Renowned as Italian lighting designer Angelo Lelii was to become, little is known about his early history other than that he studied at ISIA (Superior Institute of Industrial Art) at the University of Decorative Arts in Monza, outside Milan. It was in Monza also where as early as 1939 he started working out of a small basement workshop, producing lamp and chandelier designs with clean lines, strong attention to detail, and utilizing the newest technologies. After having his work interrupted by the War, in 1946 three of his designs were featured in Domus Magazine.
Founded by Gio Ponti, the magazine was now under the direction of architect Ernesto Nathan Rogers, whose focus was on Italian designers and architects representing the new Functionalism. The featured Lelii designs included the “Tris” lamp in brass and cast iron, with three different adjustable joints. The publicity helped him launch his Monza-based company Arredoluce in 1947, where he continued his dedication to meticulously produced, modern functional lighting.
In 1948 Arredoluce participated in the Milan VIII Triennale, displaying lamp model 12128, an elegant three-armed, standing lamp of lacquered aluminum in primary colors with adjustable light fittings. Often simply referred to as the “Triennale,” the lamp became a modern classic, having been also manufactured in the United States for the Raymor Corporation. Another standout Arredoluce design of the period was the aptly named “Stella” ceiling light (1950) with its starburst of multiple luminous spheres.
Lelii’s influence through the post-war years proved a significant contribution to the Italian design renaissance. In the 1950s he collaborated with many other important designers, including Gio Ponti, Nanda Vigo, Mario Tedeschi, Franco Albini, Achille and Pier Castiglioni, and Ettore Sottsass, creating many table and floor lamps, sconces and chandeliers. Lelii encouraged his company workers to collaborate with the designers, resulting, for example, in the trademark Arredoluce floor switch. He also started his own distribution company, Prescolight, for exporting his products to the US, and was first to bring General Electric’s halogen bulb to Italy, creating a special transformer for it that would be used for many years to come.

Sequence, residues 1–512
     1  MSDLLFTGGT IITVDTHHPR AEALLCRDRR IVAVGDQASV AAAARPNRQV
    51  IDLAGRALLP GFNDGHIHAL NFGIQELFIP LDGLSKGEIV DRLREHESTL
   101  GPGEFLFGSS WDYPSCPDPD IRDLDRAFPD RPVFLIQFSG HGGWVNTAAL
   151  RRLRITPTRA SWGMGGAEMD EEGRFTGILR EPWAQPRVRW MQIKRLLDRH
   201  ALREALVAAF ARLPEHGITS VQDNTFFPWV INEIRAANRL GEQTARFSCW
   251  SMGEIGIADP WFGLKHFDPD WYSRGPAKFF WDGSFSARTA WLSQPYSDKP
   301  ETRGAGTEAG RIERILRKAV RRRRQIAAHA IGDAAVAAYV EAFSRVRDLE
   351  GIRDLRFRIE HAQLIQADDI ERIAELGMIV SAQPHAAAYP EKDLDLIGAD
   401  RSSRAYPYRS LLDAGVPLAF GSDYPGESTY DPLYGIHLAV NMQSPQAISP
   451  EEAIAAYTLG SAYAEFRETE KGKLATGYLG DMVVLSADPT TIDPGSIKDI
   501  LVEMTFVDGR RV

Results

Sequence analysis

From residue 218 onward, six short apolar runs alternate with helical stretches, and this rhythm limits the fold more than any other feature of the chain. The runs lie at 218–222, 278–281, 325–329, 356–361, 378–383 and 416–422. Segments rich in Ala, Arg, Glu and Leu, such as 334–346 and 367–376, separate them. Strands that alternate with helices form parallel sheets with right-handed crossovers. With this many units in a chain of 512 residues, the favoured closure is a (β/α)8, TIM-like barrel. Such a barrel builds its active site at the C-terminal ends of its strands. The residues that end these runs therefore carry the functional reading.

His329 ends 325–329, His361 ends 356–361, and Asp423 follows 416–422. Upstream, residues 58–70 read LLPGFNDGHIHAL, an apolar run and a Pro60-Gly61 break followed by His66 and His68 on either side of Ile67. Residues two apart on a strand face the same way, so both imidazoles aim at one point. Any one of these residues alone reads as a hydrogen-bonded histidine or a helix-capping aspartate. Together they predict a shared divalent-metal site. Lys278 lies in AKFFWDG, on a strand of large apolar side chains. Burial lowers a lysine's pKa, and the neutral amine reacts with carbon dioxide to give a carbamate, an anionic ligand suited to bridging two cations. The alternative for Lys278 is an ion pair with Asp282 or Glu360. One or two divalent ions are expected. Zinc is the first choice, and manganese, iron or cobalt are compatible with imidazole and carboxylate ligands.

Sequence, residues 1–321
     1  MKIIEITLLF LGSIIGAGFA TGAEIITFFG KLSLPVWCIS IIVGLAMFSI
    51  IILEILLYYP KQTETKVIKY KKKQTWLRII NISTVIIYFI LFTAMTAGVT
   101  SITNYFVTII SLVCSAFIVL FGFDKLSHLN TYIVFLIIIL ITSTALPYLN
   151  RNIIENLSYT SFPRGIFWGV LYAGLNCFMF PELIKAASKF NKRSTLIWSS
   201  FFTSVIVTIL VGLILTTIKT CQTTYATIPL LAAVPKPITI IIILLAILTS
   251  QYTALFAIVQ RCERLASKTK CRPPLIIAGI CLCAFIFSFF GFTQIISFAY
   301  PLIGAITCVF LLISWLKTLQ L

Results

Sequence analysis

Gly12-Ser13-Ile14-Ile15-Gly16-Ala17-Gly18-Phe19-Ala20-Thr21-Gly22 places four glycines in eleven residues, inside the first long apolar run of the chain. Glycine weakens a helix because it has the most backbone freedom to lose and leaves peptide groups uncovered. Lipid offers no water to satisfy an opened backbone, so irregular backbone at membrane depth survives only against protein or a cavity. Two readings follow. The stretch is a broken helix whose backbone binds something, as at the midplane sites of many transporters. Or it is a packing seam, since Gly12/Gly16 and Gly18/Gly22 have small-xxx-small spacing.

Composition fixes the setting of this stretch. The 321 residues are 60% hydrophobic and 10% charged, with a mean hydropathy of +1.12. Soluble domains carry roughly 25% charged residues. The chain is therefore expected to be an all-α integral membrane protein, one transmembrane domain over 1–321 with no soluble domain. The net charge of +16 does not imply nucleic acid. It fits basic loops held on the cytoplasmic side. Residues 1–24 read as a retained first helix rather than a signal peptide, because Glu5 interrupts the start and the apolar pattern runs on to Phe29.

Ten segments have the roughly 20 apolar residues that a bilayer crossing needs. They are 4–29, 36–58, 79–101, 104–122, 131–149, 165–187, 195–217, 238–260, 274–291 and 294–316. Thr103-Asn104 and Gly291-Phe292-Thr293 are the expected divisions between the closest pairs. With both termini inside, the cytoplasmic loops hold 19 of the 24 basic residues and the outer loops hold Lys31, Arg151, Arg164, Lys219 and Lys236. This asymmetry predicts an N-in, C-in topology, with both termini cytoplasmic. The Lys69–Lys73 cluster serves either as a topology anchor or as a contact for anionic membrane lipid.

Arredoluce lighting fixtures were characterized by quality materials and execution – gracefully sculpted shapes, perfectly welded brass parts that appear seamless, and versatile adjustable mechanisms. Aesthetically, some of Lelii’s designs share influences with art of the period; his multi-armed lamps, for example, and Alexander Calder’s mobile sculptures. Lelii’s 1965 Cobra lamp (model 12919), which he famously first sketched on a paper towel, is unmistakably sculptural.
Misattributed to Gio Ponti for some time, the lamp’s highly stylized cobra-hood shape has a futuristic look and was indeed design-forward in that it was one of the first lamps to utilize low voltage, with a transformer hidden in the base and an ocular globe that allows for a highly focused light beam. Also highly sculptural, the President lamp (1970) has 36 downward-inclined illuminated cylinders in an upright stainless-steel square, and can stand on its own as a piece of Op Art. Lelii’s Eyeball lamps from the 1960s were also remarkably forward-looking, anticipating the high-tech look of that emerged in the 70s.
As Arredoluce director and designer, Lelii continued producing hundreds of artful lamp designs right up to his death in 1979. Having lived and worked in Monza the entire time, upon his demise Arredoluce closed after some thirty years. Already renowned at the time, his lighting collections have become even more sought-after since. Lelii is regarded now as one of the great figures in modernist lighting design, on par with his most successful contemporaries.